POLITICS

Justice system staggering under weight of federal reforms: bar association

08/13/2012 04:58 EDT | Updated 10/13/2012 05:12 EDT
VANCOUVER - Federal Justice Minister Rob Nicholson dodged a call Monday from the Canadian Bar Association demanding a review of federal legal-aid funding to ensure money for defence is keeping up with the pace of federal justice reforms.

Members of the association's national council maintain federal tough-on-crime legislation will mean more trials and more jail time for more accused in an already strained justice system. The council passed a resolution over the weekend urging Ottawa for the review.

But Nicholson said his government has increased funding for legal aid.

"I know that over the years that I've been justice minister we've boosted the annual amount from $81 (million) to $111 million per year. There's a total commitment of $560 million to the legal-aid system," Nicholson told hundreds of lawyers attending the association's annual conference in Vancouver.

"We've maintained our funding levels even in this time of restraint."

And he defended his government's justice reforms, saying the changes they've made help the victims of crime while targeting perpetrators.

"Ours has been a balanced approach with respect to these measures," Nicholson said in response to questions from association members.

Dan MacRury, chairman of the national council's criminal justice section, said the Conservative reforms are increasing demand on a system that was already taxed.

"It's clear that the new laws are going to put an increased demand on all the players in the criminal justice system," MacRury said in an interview.

"There really does need to be a national review of the federal commitment to funding to ensure that it's adequate to maintain fair trial rights for the accused."

The funding that has gone into justice has gone to Crown prosecutions to equip police forces and to build more jails, MacRury said.

The Harper government has estimated that 18 of the measures included in its sweeping justice reforms would cost about $631 million in total.

A report by the Parliamentary Budget Officer earlier this year found that the changes in conditional sentencing provisions alone contained in Bill C-10, which eliminates conditional sentencing and house arrest for serious and violent crimes, would cost the federal government an additional $8 million for additional parole reviews and criminal prosecutions.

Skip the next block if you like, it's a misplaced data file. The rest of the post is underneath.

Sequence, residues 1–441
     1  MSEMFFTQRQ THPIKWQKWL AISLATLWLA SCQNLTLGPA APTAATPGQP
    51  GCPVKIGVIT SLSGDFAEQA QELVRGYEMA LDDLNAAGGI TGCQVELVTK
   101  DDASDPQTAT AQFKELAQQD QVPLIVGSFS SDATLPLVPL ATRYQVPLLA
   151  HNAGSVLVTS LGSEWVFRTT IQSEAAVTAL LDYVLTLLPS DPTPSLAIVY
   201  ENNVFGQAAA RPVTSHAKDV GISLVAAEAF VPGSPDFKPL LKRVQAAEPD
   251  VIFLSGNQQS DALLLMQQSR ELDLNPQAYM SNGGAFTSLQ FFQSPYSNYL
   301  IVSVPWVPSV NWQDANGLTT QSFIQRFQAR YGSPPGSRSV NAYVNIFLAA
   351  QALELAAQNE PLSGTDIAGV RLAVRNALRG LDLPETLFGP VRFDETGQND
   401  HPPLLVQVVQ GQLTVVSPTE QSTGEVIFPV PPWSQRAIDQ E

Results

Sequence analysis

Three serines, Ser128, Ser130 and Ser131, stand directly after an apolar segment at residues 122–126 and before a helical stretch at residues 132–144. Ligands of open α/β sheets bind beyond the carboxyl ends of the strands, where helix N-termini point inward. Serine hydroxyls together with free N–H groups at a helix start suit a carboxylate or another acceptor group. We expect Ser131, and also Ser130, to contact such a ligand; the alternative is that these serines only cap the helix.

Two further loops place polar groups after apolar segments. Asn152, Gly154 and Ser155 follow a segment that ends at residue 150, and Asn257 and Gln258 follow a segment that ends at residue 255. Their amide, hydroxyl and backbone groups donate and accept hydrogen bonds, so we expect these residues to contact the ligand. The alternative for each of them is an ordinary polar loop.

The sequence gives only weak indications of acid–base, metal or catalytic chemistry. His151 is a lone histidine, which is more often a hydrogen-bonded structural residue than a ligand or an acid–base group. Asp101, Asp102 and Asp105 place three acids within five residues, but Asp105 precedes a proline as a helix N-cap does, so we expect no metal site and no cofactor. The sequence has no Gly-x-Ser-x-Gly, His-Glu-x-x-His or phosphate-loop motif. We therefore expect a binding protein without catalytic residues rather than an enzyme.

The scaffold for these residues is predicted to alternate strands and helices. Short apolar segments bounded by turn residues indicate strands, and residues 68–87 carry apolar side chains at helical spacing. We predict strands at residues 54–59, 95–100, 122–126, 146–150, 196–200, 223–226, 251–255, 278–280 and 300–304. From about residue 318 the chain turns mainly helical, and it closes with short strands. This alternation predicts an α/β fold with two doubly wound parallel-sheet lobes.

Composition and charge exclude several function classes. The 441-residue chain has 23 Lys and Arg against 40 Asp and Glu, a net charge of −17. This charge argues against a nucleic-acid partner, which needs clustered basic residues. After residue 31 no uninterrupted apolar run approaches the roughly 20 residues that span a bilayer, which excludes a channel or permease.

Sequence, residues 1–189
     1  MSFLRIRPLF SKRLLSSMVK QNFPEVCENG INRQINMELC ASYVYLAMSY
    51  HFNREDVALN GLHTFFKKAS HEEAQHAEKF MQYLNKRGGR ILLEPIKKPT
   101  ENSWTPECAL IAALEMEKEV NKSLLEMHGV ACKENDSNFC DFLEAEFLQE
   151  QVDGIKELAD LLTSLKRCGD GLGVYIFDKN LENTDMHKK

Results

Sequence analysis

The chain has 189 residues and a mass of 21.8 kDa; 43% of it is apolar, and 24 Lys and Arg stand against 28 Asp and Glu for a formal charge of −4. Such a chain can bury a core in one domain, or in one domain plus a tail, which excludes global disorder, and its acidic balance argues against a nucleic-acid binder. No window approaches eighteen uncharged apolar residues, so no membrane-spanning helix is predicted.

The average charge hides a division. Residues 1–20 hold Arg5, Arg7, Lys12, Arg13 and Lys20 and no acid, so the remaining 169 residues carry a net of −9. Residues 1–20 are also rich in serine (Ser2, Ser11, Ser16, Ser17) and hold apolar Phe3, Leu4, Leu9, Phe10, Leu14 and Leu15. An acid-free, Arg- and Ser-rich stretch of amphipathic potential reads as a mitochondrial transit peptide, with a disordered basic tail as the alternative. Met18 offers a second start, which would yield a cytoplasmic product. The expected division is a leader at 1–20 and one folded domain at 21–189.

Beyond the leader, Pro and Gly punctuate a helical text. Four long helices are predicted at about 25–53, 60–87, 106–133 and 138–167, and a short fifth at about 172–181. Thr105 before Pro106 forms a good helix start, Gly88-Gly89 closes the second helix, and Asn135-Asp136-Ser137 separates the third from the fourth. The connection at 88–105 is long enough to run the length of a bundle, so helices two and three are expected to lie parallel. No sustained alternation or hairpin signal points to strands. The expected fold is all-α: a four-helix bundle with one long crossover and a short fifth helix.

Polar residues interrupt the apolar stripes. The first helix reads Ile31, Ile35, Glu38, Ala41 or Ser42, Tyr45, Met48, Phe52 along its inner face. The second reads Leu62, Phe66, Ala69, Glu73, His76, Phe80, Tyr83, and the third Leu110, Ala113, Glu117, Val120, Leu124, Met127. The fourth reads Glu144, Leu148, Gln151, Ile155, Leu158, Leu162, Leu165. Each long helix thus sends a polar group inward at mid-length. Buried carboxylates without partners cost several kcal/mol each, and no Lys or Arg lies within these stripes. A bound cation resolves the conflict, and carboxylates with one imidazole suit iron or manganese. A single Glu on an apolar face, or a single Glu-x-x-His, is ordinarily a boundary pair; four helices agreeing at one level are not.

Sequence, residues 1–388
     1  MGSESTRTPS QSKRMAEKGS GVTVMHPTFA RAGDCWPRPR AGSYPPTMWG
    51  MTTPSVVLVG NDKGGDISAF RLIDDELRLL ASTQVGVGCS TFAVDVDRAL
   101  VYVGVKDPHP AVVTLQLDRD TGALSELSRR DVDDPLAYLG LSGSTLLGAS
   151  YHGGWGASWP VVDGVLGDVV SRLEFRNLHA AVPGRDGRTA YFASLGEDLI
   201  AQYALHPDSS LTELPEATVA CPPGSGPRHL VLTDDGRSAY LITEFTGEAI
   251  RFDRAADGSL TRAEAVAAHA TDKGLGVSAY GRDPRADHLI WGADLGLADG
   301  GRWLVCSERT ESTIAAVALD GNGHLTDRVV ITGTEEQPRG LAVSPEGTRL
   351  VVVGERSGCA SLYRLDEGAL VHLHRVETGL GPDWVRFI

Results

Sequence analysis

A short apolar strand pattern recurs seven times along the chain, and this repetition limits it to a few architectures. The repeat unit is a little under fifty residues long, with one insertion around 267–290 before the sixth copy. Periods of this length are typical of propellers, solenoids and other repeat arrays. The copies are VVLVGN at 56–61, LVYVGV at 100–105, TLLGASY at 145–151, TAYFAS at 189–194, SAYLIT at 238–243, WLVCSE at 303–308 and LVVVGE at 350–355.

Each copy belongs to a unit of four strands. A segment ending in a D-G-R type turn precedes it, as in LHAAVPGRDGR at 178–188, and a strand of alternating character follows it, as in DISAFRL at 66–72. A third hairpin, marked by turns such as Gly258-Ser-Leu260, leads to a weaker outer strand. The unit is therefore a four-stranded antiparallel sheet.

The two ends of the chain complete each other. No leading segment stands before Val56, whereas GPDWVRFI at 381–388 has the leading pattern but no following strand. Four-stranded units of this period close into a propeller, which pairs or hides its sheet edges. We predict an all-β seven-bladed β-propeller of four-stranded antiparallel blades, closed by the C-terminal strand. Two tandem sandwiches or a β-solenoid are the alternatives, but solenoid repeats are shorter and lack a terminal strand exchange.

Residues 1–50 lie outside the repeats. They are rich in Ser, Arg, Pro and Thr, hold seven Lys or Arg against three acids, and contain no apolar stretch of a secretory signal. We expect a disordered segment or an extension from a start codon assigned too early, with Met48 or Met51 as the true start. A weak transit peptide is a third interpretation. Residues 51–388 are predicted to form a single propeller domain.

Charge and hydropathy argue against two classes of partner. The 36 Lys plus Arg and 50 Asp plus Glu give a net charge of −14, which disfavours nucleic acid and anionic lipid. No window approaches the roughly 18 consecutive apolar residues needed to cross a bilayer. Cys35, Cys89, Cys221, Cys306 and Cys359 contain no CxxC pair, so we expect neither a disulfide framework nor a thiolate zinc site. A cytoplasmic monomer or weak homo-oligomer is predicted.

It will cost the provincial and territorial governments an additional $137 million for prosecutions, court cases, incarceration and parole reviews, said the report.

Documents released in response to a Freedom of Information request to the B.C. government show that just two of the reforms would cost that province alone $31 million to house an additional 470 inmates. Those reforms are the elimination of the two-for-one credit given to offenders for the time they served in pre-sentence custody and the elimination of conditional sentencing or house arrest for serious and violent crimes.

"The vast majority of the costs related to the federal bill will be in the area of Corrections," says an internal email about the audit of costs to the province. "The reality is, there will be increased costs. But it is an initiative we support."

Earlier this year, trial lawyers in B.C. took unprecedented job action to protest delays that have resulted in cases being dismissed. The Legal Aid Action Committee of the B.C. Trial Lawyers Association blames, in part, two decades of cuts to the legal aid system.

A comprehensive report on the legal aid situation in B.C. by lawyer Len Doust last year said legal aid should be recognized as an essential public service for low-income people or those whose liberty is a stake.

Among nine recommendations for change, Doust called for long-term and stable funding for the system from the provincial and federal governments.

The bar association has been critical of the federal reforms, saying they won't enhance safety but will incarcerate vulnerable people.

"We don't want a system that locks people up and throws away the key without fair representation...," MacRury told Nicholson before urging the review.

The system has been strained for a long time, he said after receiving a "non-response" from the minister.

"You only have to go to courts in this country to realize the strains that are on the system right now and it's important that it be adequately funded so that the system works," said MacRury, who is the chief Crown attorney for the Nova Scotia Public Prosecution Office.